Matt’s father is the head of an organized crime family, and now that Matt is 17, he’s expected to join the family business. But Matt just wants to be normal and not have to worry about the retaliatory attacks that could come at any moment from their rivals.
And then Matt meets Jason and finds him utterly fascinating. He’s not supposed to have friends outside the “family”, but as their friendship grows closer—and the possibility of something more than friendship emerges—Matt tries not to worry about whether or not the whole thing might be a setup.
Cassie Worthy’s senior year spring did not go as planned—she got mono and missed prom and graduation and a bunch of other stuff. But now she’s better, and she’s starting her job at the America’s Best Cookie store with her amazing boyfriend of two years. They’re going to spend the summer working at the mall together, and then head up to NYC together for college.
And then almost immediately, everything goes wrong. Cassie finds herself dumped, jobless, and wondering what happened. Our intrepid heroine has pick herself up, find something to do all summer, and most importantly, realize that plans can only go so far.
Jessica McGale is a hustler. She knows her family’s soap business would be an instant success, so when she travels to London as part of her lady’s companion duties (side hustle), she takes the opportunity to find a shop on the exclusive Bond Street to sell her soap.
Everybody loves the soap, but there’s one hitch: there was a fire on the farm, so they don’t have the means to fulfill orders and none of the shops are interested in investing in a business without the certainty of profiting from it.
Jessica hears about a Business Bazaar, wherein wealthy investors listen to pitches and then invest in promising products and ideas. Unfortunately, the bazaar is invitation-only; inventors can’t walk in off the street. So Jessica does what any rational person would do: she pretends to be a wealthy widow interested in investing and formulates a plan to drop subtle hints about McGale Soaps.
Book Description: Annabeth Albert’s Hotshots series continues—the emotions and intensity of Chicago Fire with the raw, natural elements of Man vs. Wild.
Smoke jumping is Garrick Nelson’s life. Nothing, not severe injuries nor the brutal physical therapy that follows, is going to stop him from getting back with his crew. But when a lost dog shows up on his front porch, he can’t turn her away, and he can’t take care of her on his own. Thankfully, help comes in the form of his new sexy, dog-loving neighbor. As they work together, trying to re-home their little princess, Garrick can’t resist his growing attraction for the other man, even though he knows this guy isn’t the staying type.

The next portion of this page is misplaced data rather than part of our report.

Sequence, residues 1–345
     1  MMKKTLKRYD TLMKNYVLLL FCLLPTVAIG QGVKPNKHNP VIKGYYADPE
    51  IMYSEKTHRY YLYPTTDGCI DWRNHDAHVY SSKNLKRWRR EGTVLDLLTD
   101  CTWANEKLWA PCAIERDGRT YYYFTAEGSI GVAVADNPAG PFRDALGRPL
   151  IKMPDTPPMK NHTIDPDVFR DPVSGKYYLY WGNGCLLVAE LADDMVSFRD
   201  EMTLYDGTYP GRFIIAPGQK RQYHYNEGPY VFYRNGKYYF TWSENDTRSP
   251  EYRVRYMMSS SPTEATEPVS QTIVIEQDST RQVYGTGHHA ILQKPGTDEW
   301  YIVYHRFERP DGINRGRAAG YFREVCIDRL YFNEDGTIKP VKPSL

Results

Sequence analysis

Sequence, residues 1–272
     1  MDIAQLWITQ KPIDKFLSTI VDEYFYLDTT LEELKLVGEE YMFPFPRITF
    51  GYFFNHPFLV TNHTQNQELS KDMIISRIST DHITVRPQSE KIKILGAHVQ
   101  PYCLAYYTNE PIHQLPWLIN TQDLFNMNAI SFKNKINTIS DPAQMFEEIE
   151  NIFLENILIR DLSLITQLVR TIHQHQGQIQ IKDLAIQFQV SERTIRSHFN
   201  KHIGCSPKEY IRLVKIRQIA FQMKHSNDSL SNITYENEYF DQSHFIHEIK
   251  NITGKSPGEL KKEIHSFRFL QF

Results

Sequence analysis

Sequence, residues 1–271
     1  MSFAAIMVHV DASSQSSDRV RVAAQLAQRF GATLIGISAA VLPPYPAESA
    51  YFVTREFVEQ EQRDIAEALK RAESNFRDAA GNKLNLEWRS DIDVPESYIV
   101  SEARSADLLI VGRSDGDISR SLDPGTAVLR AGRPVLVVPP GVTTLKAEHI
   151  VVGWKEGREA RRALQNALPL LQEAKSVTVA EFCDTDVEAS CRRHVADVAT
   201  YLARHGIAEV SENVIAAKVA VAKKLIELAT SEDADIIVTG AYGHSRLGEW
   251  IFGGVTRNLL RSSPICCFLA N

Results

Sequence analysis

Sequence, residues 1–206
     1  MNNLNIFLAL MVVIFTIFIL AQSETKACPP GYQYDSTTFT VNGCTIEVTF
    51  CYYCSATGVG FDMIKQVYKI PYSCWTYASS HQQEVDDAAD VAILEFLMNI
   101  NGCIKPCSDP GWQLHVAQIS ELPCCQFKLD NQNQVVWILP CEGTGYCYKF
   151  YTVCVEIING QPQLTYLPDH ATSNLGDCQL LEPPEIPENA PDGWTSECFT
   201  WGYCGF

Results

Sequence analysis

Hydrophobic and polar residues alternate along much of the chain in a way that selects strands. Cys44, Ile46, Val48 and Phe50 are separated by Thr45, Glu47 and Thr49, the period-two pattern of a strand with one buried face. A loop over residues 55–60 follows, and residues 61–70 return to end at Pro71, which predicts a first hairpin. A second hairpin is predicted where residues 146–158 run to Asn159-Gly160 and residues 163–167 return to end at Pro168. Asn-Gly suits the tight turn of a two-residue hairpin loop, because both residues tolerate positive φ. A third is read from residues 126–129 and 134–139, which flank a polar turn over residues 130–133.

Rain Fisher doesn’t take anything too seriously. He dances through life, one adventure at a time, never settling in one place for too long. When his hot, conveniently buff, neighbor shows up on his doorstep, dog in tow, Rain’s determined to not just save the adorable puppy, but her reluctant owner as well. He never expects their flirtation might tempt him into stay put once and for all…
Danger lurks everywhere for Central Oregon’s fire crews, but the biggest risk of all might be losing their hearts. Don’t miss the Hotshots series from Annabeth Albert: Burn Zone, High Heat, and Feel the Fire.
High Heat by Annabeth Albert
NB: This review contains spoilers for things that happened in Burn Zone, the first book in the Hotshots series.
A couple of days ago, I was chatting (via text) with a friend, and I told her that I was reading a book about “the woman before Wallis”.
My friend said, “Freda Dudley Ward?”
I said, “No, she’s in this book, but this one is about the other “Other Woman”.
Like my friend, I was also not aware of Thelma Furness’ involvement with David, the Prince of Wales, but having read this book, I am much more aware—not only of Thelma’s story, but of the Gloria Vanderbilt custody battle.
KJ Charles is one of my favorite authors. I’ve had the books in her Victorian-era queer romance/mystery Sins of the City series on my TBR; I read the second one first a couple of years ago, but now I’m going through the series in chronological order.
Clem Talleyfer’s work has a boarding house manager involves a great deal of predictable routines, which is a good thing, because adapting to changes isn’t easy for Clem. His most favorite part of the day is sharing a cup of tea with Mr. Rowley Green, one of the lodgers.
When one of the other lodgers turns up dead on their doorstep, Clem and Rowley are determined to figure out what happened, it becomes apparent that it was not an isolated incident and they are both in danger.
I have been following Duchess Goldblatt on Twitter for a long time and I have always enjoyed Her Grace’s stories about life in Crooked Path. Needless to say, I was ecstatic to receive the news that my “wish” for an ARC had been granted.
I thought that this memoir would be a delightful romp through life in Crooked Path.
Reader, I was most mistaken.
What I received instead was the story behind the creation of the Duchess Goldblatt Twitter account, and the very real pain behind one woman’s life changing suddenly, followed by the necessity to navigate through unfamiliar surroundings.
I loved The Royal We, so I was very excited to find out there was going to be a sequel and even more excited to receive an ARC of The Heir Affair.
NB: If Royal Family alt-history interests you, but you have not read The Royal We, I suggest you proceed with caution because it’s almost impossible to properly discuss The Heir Affair without mentioning key details from The Royal We.